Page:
One of my corporate stories is a good platform for my thoughts this morning. I had a boss who told me that when he filled out a 360 leadership assessment on someone he would only put extreme emphasis on the areas that he felt a leader needed to change or where the leader truly excelled. His purpose was that if he didn’t these important areas would get washed out in the averages. He wanted the tool to be useful so he accentuated the main points.
It is difficult to discern what is important to people because:
- they are the type that just want harmony so they only express positive encouragement to the point it may not even seem sincere.
- they like to play devil’s advocate so they argue….either side…whichever side the other person doesn’t take.
- they are people pleasers and have conditioned themselves to either not express an opinion, or to quietly state whatever the majority is going with.
Although, there may be a time or place for any of the above positions, it is confusing as the status quo. Do we really know what anyone thinks? Has time and effort been put forth to understand and form an authentic opinion?
I see quotes frequently that express how much more we learn and actually communicate when we are silent. I think silence has it’s place……..but have you ever talked often with someone who never expresses their opinion. It begins to feel like the communication, and possibly relationship, is one-sided.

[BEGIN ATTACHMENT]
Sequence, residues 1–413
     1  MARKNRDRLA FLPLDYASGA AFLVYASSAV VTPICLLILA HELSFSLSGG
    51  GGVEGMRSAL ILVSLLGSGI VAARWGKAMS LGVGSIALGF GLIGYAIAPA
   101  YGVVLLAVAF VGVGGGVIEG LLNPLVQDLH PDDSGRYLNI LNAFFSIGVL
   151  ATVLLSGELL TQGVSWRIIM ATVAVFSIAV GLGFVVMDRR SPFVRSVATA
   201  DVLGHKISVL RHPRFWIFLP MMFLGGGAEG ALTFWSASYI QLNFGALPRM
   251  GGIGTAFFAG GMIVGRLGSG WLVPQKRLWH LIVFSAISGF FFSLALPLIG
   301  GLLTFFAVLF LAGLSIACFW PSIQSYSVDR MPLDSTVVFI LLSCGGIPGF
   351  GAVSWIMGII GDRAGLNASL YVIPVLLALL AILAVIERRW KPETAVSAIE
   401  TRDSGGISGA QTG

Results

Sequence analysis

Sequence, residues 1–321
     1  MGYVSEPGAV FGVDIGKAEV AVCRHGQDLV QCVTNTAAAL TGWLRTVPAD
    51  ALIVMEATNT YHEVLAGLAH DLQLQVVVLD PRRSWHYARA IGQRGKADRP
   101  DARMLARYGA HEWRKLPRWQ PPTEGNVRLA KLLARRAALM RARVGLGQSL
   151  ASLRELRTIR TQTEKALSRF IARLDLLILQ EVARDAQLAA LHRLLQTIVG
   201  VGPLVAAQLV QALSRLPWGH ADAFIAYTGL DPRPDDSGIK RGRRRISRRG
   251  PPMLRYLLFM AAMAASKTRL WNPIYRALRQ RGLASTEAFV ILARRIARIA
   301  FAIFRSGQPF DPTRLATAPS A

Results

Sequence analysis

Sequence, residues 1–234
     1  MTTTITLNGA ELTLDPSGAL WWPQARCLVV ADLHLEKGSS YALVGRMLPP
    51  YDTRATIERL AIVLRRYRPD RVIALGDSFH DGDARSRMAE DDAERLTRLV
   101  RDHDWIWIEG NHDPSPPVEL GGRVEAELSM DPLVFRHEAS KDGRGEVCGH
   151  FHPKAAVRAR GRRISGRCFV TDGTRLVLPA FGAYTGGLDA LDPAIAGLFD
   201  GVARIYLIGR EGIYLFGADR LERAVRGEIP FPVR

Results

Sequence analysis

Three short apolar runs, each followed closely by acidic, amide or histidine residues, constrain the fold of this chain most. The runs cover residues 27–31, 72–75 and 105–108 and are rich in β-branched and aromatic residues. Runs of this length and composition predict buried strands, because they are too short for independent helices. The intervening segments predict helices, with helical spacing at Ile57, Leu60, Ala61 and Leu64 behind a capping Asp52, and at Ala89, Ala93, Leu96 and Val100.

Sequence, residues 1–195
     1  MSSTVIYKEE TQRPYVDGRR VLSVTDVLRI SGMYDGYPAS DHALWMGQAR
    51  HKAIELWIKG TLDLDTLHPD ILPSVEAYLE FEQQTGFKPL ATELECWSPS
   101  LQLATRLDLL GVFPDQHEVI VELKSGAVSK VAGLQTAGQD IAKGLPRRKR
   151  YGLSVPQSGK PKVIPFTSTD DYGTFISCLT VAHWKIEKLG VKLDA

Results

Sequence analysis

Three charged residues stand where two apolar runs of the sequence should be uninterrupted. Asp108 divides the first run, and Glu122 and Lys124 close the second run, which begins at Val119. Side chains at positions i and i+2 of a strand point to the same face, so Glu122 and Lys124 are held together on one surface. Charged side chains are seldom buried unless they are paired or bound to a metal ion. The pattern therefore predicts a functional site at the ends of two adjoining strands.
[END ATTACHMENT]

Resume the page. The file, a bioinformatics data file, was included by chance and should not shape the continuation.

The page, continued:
It is totally aggravating to converse with someone who monopolizes the entire conversation.
Reading this you may say, what is left?
I propose a similar concept that my boss was trying to accomplish in his 360 feedback process.
- Spend time listening, researching, participating, and questioning.
- Be open to others input and to various ideas in the world.
- Form you own true authentic opinion.
- If it is something that is truly meaningful to you and you have something to say….whether you take the encouragement route, the devil’s advocate, or any other position….express it.
All of these stances are appropriate in certain times in our repertoire of thoughts and opinions. But, none in themselves, is the right position for everything.
Your voice counts. Mine counts. Let’s do our part to really make it count.